A child born in America today, who follows the officially recommended schedule of vaccinations, will receive 38 doses of 14 different vaccines by age two and 70 doses of 16 different vaccines by age 18. This is more than twice the number of vaccine doses that were recommended by the Center for Disease Control (CDC) just 25 years ago.
With all these new vaccines designed to prevent so many childhood diseases, one might expect that the health of American children would improve significantly. But the evidence suggests otherwise. America has a higher infant mortality rate today than many countries that require fewer vaccines. Perhaps more seriously, vaccinations may be responsible for a significant rise in the incidence rates of many chronic diseases. Skepticism about the safety and effectiveness of vaccinations is illustrated by the fact that nearly 40% of nurses decline the annual flu shots. (Clark et al, Influenza vaccination attitudes and practices among U.S. registered nurses, Am J Infect Control 2009;37:551-6.)
Ideally, the safety and effectiveness of a vaccine should be fully established by the manufacturer of the vaccine before it is approved for public use. However, in the United States, vaccines are often approved without adequate safety studies. Moreover, a 1986 law, that exempted vaccine manufacturers from any liability for harm or injury caused by vaccines, has further undermined their motivation to improve vaccine safety.
According to CDC’s current vaccination schedule, a one-year old child may be given up to nine vaccines during a single office visit. Most parents are familiar with the immediate reactions to these injections which range from mild (redness and soreness at the injection site, mild fever, headache, crying, etc.) to severe (very high fever, severe allergic reaction, apnea, syncope, etc.). Based on reports of such adverse reactions submitted by parents, the CDC-sponsored Vaccine Adverse Event Reporting System (VAERS) compiles a national database of such immediate vaccine reactions.
More seriously though, there is substantial evidence to suggest that over-vaccination may also be responsible for the sharply increasing rates of immune system and neurological disorders such as allergies, asthma, autism, Crohn’s disease, juvenile diabetes, rheumatoid arthritis, seizure disorders, and so on. According to one study, Hep B vaccination of male neonates tripled their odds for autism diagnosis.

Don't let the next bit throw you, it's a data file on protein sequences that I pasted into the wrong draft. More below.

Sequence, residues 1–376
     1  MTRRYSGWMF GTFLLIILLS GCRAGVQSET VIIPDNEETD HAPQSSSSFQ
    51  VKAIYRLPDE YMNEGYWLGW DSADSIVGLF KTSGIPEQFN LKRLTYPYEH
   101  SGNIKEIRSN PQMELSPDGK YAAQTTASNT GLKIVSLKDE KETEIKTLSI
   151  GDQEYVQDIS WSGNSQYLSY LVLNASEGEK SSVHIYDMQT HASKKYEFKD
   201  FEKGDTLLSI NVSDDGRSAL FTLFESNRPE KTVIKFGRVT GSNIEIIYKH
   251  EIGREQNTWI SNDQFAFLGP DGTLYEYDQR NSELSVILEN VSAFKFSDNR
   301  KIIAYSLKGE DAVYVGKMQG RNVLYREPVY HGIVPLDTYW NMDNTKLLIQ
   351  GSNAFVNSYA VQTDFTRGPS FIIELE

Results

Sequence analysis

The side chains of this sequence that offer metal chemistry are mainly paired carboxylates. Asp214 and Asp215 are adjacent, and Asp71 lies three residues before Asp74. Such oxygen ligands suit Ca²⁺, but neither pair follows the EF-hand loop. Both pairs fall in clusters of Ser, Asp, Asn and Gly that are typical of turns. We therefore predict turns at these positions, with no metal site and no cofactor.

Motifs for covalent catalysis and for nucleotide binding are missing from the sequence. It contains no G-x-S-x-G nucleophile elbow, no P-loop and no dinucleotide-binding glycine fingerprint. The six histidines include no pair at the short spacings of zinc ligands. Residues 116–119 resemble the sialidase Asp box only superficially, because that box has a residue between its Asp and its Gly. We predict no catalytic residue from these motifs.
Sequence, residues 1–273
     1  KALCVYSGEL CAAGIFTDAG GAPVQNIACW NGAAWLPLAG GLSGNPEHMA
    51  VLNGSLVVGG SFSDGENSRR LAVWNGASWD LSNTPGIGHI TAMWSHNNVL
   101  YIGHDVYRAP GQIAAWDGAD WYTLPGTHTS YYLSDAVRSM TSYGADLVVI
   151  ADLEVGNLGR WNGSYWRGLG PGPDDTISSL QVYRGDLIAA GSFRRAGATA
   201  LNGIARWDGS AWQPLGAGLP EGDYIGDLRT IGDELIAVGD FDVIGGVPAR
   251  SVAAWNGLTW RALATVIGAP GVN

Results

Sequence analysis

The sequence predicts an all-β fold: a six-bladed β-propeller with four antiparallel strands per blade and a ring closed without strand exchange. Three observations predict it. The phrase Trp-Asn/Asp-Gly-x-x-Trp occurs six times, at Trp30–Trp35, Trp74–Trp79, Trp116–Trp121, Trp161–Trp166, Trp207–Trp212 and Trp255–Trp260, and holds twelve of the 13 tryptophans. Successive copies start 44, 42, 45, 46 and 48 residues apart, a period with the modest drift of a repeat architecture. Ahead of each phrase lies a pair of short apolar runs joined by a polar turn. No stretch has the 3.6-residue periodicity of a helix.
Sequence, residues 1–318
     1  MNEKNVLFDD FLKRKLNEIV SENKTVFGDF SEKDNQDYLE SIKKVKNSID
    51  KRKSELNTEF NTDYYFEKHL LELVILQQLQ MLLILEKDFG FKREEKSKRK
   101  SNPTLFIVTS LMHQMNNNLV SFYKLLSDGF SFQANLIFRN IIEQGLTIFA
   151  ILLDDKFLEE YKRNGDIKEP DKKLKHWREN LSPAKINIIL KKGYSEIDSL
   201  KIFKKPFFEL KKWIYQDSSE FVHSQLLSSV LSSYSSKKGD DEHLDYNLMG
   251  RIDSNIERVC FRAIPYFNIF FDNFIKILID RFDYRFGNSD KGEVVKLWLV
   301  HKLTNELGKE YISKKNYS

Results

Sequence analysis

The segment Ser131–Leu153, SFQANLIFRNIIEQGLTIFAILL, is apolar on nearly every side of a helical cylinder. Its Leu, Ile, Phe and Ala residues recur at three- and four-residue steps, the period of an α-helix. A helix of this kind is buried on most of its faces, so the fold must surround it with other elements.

Besides safety, the effectiveness of some vaccines is also quite limited. For example, flu vaccine is, at best, 50-75%, and, at worst, 0% effective at preventing seasonal flu. Moreover, the immunity obtained from many vaccines is short-lived compared to the life-long immunity obtained from exposure to the real virus.
Parents concerned about risks of over-vaccination may use an alternative vaccination schedule that minimizes the risk of vaccine injury while protecting their children from the more serious childhood diseases. For example, parents can follow the more conservative pre-1989 schedule of vaccinations which requires fewer and older (more time-proven) vaccines. Or they can follow the current vaccination schedule of another country, such as Japan, that requires significantly fewer vaccines. Finally, they can choose to give their children only selected vaccines, e.g., the four “traditional” vaccines: diphtheria, tetanus, pertussis, and polio.
As a further precaution, parents can spread out the vaccination schedule so that fewer vaccine doses are given during a single office visit. They can also request vaccines that are free from problematic ingredients such as mercury. And in some cases, they may be able to defer a particular vaccine until there is a local outbreak of the associated disease.
Note that some diseases such as flu, Hep B, and HPV can also be prevented by practicing good hygiene and safe sex. And many more diseases—including some for which vaccines don’t even exist—can be prevented by fostering natural immunity through breastfeeding, good nutrition, and a healthy lifestyle. Last but not least, some researchers claim that experiencing some childhood diseases, e.g., chickenpox, naturally may help stimulate the development of a mature immune system.
To fully appreciate the pros and cons of all these alternatives, parents may wish to read some good books on this topic, such as Vaccinations by Aviva Jill Romm. A good source of up-to-date information on all the vaccines is the National Vaccine Information Center web site (nvic.org).
Note that parents who skip any required vaccination will need to file a vaccination exemption form when enrolling their children in school. The exemption process varies by state, but is relatively simple in California.
The vaccination pendulum in the United States has swung from a situation where too many children suffered because of under-vaccination to a situation where too many children suffer because of over-vaccination. Moreover, this pendulum will likely swing even further as 300 new vaccines are currently under development. This vaccination juggernaut is being driven by strong economic forces, not unlike those driving the reckless overuse of antibiotics.
(Note that the global vaccine market is projected to grow from about $30 billion today to $100 billion by 2025.) However, millions of concerned parents are refusing to acquiesce in CDC’s aggressive one-size-fits-all approach to vaccination. They are educating themselves and making thoughtful vaccination choices to minimize serious risks to their children’s health.
Vijay Gupta researches and writes about health issues from a consumer’s perspective.